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The Inner Connections of Peng-Jin

To understand tai chi, you must understand peng-jin. Without peng-jin, tai chi postures and movements lack power and energy, and have no internal connections. It is the internal power and connections that make tai chi an “internal” art. The tai chi classics tell us to be a “needle wrapped in cotton,” meaning that while staying soft and relaxed on the outside, there is resilience and power on the inside. Many tai chi players practice being like cotton, meaning soft and above all, relaxed, but what they often misunderstand is that you must have both, the needle and the cotton; the internal force created by peng-jin and the softness of relaxation. And, although relaxing is paramount, it is not enough. Relaxing without having peng-jin is being limp and devoid of energy and power. In this article we will discuss what makes peng-jin so important, and how it is created through relaxing and “opening” the joints in our bodies. We will discuss how to build internal connections that allow for the flow of energy.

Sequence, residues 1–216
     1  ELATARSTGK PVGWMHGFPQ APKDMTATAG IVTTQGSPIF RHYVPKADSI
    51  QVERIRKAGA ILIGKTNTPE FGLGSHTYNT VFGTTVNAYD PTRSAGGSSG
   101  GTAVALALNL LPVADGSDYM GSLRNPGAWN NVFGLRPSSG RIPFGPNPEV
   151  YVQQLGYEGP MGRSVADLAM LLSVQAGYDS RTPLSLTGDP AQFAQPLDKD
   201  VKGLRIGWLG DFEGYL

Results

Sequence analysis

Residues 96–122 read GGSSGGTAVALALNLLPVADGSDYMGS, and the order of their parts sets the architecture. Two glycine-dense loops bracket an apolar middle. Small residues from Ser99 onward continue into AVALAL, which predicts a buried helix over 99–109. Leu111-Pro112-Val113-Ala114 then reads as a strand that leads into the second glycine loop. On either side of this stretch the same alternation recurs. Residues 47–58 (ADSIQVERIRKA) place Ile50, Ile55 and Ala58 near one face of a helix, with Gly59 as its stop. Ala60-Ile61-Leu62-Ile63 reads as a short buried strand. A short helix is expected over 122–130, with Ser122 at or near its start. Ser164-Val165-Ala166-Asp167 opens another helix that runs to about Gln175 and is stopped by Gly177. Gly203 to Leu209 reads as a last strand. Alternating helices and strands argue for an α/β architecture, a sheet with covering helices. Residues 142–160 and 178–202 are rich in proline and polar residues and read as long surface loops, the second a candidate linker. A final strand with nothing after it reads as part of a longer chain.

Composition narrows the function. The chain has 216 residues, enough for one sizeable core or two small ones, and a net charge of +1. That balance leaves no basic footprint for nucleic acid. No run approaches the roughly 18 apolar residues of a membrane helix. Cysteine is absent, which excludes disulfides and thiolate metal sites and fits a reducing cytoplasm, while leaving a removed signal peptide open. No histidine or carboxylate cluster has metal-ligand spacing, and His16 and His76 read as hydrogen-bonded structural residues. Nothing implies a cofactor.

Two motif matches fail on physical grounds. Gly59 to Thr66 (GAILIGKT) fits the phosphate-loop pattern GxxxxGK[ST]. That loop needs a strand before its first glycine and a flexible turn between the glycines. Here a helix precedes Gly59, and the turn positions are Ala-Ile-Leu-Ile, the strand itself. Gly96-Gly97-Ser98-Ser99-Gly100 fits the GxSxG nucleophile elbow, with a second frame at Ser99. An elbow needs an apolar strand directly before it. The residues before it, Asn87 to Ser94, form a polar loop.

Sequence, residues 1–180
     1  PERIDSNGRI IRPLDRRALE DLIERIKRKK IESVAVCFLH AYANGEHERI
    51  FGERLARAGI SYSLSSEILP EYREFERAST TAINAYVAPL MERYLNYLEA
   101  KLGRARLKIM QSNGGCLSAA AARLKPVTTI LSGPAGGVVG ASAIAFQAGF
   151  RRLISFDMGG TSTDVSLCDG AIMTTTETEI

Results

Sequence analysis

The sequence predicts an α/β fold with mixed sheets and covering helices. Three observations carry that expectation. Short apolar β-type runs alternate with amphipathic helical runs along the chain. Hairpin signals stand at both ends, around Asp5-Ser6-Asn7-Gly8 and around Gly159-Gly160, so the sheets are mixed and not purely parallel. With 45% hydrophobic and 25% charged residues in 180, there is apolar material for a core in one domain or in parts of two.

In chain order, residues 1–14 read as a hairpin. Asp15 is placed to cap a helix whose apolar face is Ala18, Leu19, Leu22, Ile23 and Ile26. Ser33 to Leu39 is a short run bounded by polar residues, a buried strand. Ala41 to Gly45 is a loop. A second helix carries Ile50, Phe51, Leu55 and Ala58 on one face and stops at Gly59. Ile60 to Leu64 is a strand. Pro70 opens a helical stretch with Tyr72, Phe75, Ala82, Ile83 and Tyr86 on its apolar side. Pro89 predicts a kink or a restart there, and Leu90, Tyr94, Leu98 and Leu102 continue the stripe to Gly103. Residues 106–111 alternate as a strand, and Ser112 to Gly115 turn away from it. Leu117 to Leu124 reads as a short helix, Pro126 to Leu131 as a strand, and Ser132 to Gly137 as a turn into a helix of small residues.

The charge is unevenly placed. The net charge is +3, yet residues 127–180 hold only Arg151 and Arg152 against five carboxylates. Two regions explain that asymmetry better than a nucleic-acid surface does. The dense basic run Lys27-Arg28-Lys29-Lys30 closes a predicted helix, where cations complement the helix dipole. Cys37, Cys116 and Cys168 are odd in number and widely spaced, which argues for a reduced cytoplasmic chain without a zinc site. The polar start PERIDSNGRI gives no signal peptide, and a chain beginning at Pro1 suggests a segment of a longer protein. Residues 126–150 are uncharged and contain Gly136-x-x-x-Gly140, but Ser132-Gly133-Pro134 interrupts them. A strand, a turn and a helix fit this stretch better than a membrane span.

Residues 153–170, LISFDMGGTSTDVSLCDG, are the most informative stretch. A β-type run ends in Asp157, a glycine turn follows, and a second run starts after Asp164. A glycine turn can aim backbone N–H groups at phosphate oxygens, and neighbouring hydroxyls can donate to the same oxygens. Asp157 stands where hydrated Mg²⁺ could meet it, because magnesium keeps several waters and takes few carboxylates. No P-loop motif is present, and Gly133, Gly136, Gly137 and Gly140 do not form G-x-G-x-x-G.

Tai chi is a unique art because it does not use overt muscular force, and instead relies on internal connections, skeletal alignment, and body unity to generate power and energy. To generate this internal power the body must align in a way that connects all its pieces and allows energy to move through them. This alignment is dependent on opening the body’s joints so that energy or force can move through them. Imagine each part of the body as a hose. Each arm is a hose; the legs are hoses, the chest, the back, the hips, the head, etc. are all individual hoses. Our aim is to connect each individual part to its adjacent part to create a unified and complete body. What connects the parts are the joints. Think of each joint as a gate that when it is open it allows energy and fluids to flow; when it is closing, the flow is hampered and even stops. To open these gates, each part of the joint must move away from the other. For example, when we sink our hips and lift our heads we are gently pulling apart and separating each vertebrae. When the hand goes forward and the elbow sinks, it opens the wrist joint. When the elbow sinks, it moves away from the shoulder. When the shoulder moves forward, the chest moves slightly back. The flow of energy in our body is maximize when all the joints are open and all the parts are connected.